A lot of Maya Zuckerman’s work in regenerative culture is at the source code level, which turns out not to just be in a new and improved version of sustainability, but a whole new way of thinking about ourselves as a species. What it is going to take is a whole new origin story. A whole new way of seeing.
‘I think that regenerative culture, or the ‘regeneration generation’, is an opportunity for instilling a new origin story of the future. And that’s kind of like not only just jumping from sustainability to regeneration …because it’s actually not that easy. There are almost exponential changes that need to happen. But it’s really this making a collective decision of what our future could be. Not a specific, ‘this is exactly what this is’. Instead we need a story where we get to create our future and be architects of the future, not its victims.’
Pollination2019: Regenerative Futures Summit
The theme of crafting a new narrative and a new story, brings us to events like Pollination: Regenerative Futures Summit, which is happening at Impact Hub San Francisco from August 17-18. This is the first annual event of the Bloom Network: a global network of hubs and nodes focused on regenerative culture. Maya Zuckerman will be the MC and host for the weekend, which will be a fully participatory event, or a kind of ‘eco-hackathon’.
Pollination features leaders in many different aspects of regenerative culture from community health, to new forms of governance based on blockchain technology. The purpose, however, is not just to receive knowledge from experts, but also to get hands-on with the crucial work required to craft regenerative solutions that can be scaled. This is an event for anyone who is interested in learning to become a participant and an emerging leader in regenerative practices and culture. Unprecedented levels of collaboration and co-operation are going to be required. The processes and tools required to accomplish this will also be a major focus at the event, whose theme this year is ‘Collective Wisdom’.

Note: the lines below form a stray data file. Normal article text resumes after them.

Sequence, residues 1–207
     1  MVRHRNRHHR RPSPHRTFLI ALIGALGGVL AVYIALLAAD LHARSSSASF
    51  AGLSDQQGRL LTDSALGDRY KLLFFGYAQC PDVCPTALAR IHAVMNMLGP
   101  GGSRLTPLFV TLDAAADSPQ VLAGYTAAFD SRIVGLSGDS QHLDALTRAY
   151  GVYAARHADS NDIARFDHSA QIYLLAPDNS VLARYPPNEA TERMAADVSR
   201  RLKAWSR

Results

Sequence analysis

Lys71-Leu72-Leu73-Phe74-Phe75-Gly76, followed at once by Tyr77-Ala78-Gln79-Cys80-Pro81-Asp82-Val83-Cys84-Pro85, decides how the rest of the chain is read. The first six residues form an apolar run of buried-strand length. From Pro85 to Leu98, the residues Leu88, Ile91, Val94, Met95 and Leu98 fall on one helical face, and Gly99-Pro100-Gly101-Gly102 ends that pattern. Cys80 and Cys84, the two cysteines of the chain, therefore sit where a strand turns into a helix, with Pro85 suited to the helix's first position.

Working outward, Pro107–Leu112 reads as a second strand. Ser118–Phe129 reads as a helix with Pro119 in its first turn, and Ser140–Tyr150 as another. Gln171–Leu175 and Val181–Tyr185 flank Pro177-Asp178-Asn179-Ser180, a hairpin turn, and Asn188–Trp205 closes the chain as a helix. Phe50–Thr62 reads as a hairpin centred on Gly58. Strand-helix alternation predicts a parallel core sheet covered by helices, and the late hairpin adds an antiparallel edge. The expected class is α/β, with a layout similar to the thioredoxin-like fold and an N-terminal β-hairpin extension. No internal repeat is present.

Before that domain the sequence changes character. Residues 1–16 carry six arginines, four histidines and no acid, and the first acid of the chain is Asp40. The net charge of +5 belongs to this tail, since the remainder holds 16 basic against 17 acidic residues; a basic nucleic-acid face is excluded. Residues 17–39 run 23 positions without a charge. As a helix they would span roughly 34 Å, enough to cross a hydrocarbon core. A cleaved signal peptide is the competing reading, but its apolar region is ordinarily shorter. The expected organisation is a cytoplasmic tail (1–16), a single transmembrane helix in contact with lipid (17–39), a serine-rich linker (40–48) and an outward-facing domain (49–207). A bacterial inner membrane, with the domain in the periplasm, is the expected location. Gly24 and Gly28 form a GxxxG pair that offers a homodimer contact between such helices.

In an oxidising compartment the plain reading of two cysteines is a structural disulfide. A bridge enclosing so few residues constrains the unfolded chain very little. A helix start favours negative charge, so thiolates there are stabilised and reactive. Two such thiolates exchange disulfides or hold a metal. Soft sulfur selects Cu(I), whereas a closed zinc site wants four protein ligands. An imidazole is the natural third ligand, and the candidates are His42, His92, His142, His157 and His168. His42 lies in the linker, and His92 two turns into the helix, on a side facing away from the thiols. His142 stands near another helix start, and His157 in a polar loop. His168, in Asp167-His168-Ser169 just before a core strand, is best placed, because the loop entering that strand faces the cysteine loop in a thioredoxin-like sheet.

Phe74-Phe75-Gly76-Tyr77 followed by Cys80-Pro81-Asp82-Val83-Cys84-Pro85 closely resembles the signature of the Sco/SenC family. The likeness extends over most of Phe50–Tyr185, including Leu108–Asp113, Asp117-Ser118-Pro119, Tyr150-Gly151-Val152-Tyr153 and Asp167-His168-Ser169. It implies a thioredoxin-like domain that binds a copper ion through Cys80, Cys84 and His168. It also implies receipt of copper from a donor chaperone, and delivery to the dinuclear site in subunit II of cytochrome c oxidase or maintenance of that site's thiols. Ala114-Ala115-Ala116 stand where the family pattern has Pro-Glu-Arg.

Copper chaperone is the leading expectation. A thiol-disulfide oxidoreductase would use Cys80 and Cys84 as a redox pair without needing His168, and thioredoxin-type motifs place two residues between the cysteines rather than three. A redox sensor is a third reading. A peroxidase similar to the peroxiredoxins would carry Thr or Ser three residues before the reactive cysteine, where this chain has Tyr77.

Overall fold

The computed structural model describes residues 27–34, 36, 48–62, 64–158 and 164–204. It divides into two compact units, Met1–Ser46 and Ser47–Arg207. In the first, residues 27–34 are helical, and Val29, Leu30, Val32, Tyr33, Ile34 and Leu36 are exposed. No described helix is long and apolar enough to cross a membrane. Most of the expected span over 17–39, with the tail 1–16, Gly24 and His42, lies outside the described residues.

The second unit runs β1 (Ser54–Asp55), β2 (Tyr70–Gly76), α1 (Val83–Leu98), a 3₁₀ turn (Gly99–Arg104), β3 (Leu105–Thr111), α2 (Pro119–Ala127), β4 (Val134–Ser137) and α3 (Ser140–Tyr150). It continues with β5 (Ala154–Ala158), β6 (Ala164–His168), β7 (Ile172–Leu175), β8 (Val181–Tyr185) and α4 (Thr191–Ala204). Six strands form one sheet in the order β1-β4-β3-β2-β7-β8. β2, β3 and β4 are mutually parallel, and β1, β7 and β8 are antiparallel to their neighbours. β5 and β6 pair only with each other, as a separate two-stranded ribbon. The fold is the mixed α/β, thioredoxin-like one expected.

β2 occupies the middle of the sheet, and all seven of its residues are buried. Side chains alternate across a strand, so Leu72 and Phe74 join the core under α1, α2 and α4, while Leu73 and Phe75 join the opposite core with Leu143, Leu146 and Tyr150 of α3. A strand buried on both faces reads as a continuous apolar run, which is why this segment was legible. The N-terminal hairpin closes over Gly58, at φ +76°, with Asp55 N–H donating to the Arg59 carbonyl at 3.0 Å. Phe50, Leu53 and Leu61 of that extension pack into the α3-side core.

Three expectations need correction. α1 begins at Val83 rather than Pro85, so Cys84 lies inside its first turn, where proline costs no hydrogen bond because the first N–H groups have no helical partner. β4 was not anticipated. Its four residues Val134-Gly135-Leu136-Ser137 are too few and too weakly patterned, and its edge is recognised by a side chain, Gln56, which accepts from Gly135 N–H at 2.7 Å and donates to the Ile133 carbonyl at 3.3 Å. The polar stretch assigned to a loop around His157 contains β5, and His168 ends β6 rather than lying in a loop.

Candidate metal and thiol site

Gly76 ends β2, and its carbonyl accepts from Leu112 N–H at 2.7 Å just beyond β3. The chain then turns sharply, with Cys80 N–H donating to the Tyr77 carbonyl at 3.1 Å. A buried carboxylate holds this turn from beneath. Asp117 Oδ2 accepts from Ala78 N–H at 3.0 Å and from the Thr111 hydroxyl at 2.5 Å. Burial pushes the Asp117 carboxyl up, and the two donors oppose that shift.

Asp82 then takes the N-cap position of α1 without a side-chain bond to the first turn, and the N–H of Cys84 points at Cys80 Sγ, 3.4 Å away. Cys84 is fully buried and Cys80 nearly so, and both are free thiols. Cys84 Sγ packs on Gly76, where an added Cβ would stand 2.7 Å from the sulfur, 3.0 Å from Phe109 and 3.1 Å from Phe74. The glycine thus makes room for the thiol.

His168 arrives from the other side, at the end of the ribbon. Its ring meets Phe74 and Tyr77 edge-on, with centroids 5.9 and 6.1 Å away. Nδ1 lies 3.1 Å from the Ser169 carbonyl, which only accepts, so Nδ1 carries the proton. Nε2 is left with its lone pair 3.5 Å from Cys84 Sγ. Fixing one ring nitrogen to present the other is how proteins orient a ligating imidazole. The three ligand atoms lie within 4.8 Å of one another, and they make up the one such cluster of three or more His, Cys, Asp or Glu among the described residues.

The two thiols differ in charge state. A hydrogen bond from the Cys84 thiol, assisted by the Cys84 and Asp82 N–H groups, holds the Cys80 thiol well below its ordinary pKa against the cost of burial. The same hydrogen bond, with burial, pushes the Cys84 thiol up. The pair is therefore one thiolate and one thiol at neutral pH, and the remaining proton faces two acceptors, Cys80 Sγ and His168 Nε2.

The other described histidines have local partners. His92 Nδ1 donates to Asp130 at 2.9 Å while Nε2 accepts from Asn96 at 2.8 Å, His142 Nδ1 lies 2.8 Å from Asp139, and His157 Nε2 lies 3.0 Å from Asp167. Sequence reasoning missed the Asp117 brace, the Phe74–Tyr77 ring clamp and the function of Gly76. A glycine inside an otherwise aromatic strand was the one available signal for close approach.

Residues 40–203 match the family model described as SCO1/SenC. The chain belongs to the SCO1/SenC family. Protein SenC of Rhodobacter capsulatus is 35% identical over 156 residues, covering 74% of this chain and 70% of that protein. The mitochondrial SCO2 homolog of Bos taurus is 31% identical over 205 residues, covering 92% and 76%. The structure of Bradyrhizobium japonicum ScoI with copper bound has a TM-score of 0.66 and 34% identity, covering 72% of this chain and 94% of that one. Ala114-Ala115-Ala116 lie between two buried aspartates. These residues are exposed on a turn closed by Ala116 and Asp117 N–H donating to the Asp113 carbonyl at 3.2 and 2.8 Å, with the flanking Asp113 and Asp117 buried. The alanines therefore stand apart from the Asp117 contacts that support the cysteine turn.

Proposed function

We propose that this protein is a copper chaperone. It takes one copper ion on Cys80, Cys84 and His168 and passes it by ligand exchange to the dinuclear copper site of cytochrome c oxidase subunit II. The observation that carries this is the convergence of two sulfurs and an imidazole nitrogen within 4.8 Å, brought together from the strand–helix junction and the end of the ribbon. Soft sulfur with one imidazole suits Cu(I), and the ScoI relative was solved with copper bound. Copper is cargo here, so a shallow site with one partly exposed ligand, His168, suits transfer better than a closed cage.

So Maya, what do you think is unique about the intention and plan behind Pollination2019?
‘I think its uniqueness is that the people coming are a very intersectional group. It’s a very global group. And I think there’s something about how emergent it is. As a community it’s taken us a long time to get to this point. So I think the fact that it’s here this year, in a seminal year, it is really an important moment. I think it’s got wonderful potential.’
And what outcomes do you hope to see coming out of this event?
‘I’d like to see that this is catalyzing continuous working groups for learnings that we can share. I mean, if this could spiral in some way, you know, something that keeps giving to the community, that supports the community with really great how-to’s. I want to see some boots on the ground. I want to see some actual metrics, to show we did succeed.
We all love these gatherings, because we get to see our community, but I don’t want to waste anybody’s time. I want people to actually get out of there and either activate their own community, or join the bigger Bloom Network community to actually facilitate and implement what we’ve started doing there. And that would be just amazing!’